Wednesday, June 20, 2007

What's in a Name?

By G.M. Malliet

Nina recently blogged about how she collects titles for stories. Strangely, I don't have such a list.

I do collect names for characters, though. I can hardly get through a book or newspaper without jotting down some interesting name or other I come across.

I think this is partly because I have a bad habit of naming a character and then changing that character's name endlessly with Search/Replace as I progress through the story. I think that happens because it is so important that the name fit the character, and as the character develops, so the name might need to change. Don't try this technique at home as it will quickly drive you crazy.

Anyway, here is my collection of interesting names - some first names, some last, some either/or:

de Hail
Chicken (really)
Lucretia Coffin Mott (1793-1880 – feminist from Nantucket)
Lancelot Andrewes (real name, translated bible)
Ivory Church
Vyvyan (male – first name of Oscar Wilde’s son)
Chantal Lavant, Levantal, or Laurant
Button Gwinnett (historical figure – revolutionary war)
Henrietta, nickname Hen


Mark Combes said...

I suck at names. Both remembering them when I meet people and coming up with them for my characters. You'll see a lot of Bob, Bill, Sally, and an occasional Shirley if I'm really feeling my oats. Although my lead character's love interest has an unusual name - Annick. Maybe there is hope for me yet...

Sue Ann Jaffarian said...

I love names, too. But because my main protagonist and her best friend (Odelia and Zenobia) have such unusual names, I try to keep the other characters more common. I often give away names in my books at charity auctions so that solves a lot of issues.

I really enjoy coming up with names for animals as well. When I was trying to find a cool name for one character's dog, I spotted the last name of Wainwright and knew instantly that was the dog's name.

My favorite fictional pet names, however, belong to others: Nina Wright's shitzapoo named Velcro and Chuck Zito's fish named Sushi.

Joe Moore said...

I was on a technology panel at the recent SleuthFest and discussed nifty ways of naming characters. Using the credit roll of any movie can produced a mountain of names. And if you need ethnic names, pick a motion picture that was shot in the desired country. Local crews are aways used. A list of these techniques and lots more useful links is on my website at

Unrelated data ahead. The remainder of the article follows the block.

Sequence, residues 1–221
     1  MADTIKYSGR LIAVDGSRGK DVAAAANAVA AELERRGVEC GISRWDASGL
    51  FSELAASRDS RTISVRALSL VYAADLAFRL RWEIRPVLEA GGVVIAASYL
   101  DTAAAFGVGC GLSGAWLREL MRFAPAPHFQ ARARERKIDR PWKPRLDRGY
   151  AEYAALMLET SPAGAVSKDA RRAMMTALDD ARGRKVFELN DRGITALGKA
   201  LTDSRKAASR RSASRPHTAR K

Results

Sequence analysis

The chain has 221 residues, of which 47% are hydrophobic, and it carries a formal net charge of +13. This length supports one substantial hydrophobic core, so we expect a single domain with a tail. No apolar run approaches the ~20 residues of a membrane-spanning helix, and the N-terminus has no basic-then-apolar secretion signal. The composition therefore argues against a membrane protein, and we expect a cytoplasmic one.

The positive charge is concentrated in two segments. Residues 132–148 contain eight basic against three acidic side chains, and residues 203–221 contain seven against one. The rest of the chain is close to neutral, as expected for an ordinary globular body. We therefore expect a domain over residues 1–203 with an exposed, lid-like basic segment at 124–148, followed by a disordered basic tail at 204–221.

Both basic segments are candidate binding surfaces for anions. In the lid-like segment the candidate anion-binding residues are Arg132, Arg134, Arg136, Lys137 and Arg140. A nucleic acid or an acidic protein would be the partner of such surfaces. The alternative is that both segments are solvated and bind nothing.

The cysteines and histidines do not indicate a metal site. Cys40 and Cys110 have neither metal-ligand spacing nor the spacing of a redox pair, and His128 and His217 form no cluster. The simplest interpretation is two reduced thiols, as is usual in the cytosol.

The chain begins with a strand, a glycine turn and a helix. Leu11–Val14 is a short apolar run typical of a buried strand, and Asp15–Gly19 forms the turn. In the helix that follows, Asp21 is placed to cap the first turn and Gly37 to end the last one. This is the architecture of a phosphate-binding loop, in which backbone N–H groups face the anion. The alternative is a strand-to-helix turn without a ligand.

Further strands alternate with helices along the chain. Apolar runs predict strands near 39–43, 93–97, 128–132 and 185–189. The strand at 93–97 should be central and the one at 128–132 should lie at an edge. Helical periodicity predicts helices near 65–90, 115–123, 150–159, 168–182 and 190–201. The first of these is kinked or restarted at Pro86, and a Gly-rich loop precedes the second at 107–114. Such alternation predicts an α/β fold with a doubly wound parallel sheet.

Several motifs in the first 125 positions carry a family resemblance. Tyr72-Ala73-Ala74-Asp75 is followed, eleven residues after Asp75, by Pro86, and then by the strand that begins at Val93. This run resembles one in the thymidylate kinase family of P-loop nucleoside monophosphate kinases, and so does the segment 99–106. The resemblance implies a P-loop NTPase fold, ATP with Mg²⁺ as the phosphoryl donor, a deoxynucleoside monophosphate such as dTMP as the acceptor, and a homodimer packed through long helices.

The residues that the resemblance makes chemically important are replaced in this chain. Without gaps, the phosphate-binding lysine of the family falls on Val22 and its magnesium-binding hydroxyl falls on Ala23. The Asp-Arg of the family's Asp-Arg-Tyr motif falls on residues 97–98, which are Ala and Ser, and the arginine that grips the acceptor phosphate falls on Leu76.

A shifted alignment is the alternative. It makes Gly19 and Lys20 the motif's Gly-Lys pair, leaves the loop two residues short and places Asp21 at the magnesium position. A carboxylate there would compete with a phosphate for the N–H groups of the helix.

Well worth the price of admission.

Mark Terry said...

I think names of main characters is important. I do sort of audition names.

I don't remember how I came up with Derek Stillwater. I think I was fussing around with the last name and when I finally said "Stillwater" I thought, yeah, that works. It resonates for me, anyway.

Then, because I knew he was sort of a tough guy, I wanted something that had a hard sound to it, but frankly, Jack and John is sooooo overdone. Yet I wanted something reasonably distinctive. So I tried out names again, David, Don (not hard enough), Dan, Cal... Derek again, resonated for me.

And speaking of Joe Moore, here, I find Cotten Stone to be a pretty interesting name.

Nina Wright said...

After my last posting, no one will be surprised to learn that I keep lists of names.

Thanks, Sue Ann, for the nod to Velcro the shitzapoo (coming soon in WHISKEY AND WATER). He's one of my faves, too.

GM, I share your fondness for Hen as a nickname for Henrietta. A character in my Whiskey Mattimoe series has that name. She's a redhead, and she runs an inn called Red Hen's House.

From your list, I especially like Cosima and Frostbutter. Wonderful!

My current Names List includes the following, all cribbed from Real Life:
Stefawn Golliday
Linco Fister
Swiki Anderson
Mena Naumchick
Anna Dannibale
Julia Bonk

I never stroll through a cemetery without my notebook. Those folks aren't using those names anymore.....

Nina Wright
Whiskey and Tonic

Anonymous said...

To: Nina Wright
I am curious to know where you found the name Stefawn Golliday. That name belongs to me! I hope you aren't using my name in your books, if so you owe me some money.

Nina Wright said...

SG--Then you have the same name as my cousin, who's currently working in Australia! I know you're not her because she's flattered that I posted her name on my list. FYI: Names are not copyrighted. If they were, a famous author would owe ME money for using my name for the villain in his latest book! I found that amusing, and so did my friends.

Relax, SG. I'm a novelist. I never write about real people. I don't even know YOU. Odds are, though, that novelists eventually end up using names that belong to somebody. I have no plans to use my cousin's name, which you say is the same as yours. Are you sure another author hasn't used your name already? Mine has been used. Anybody's name can be. Most of us think that's fun. Take care.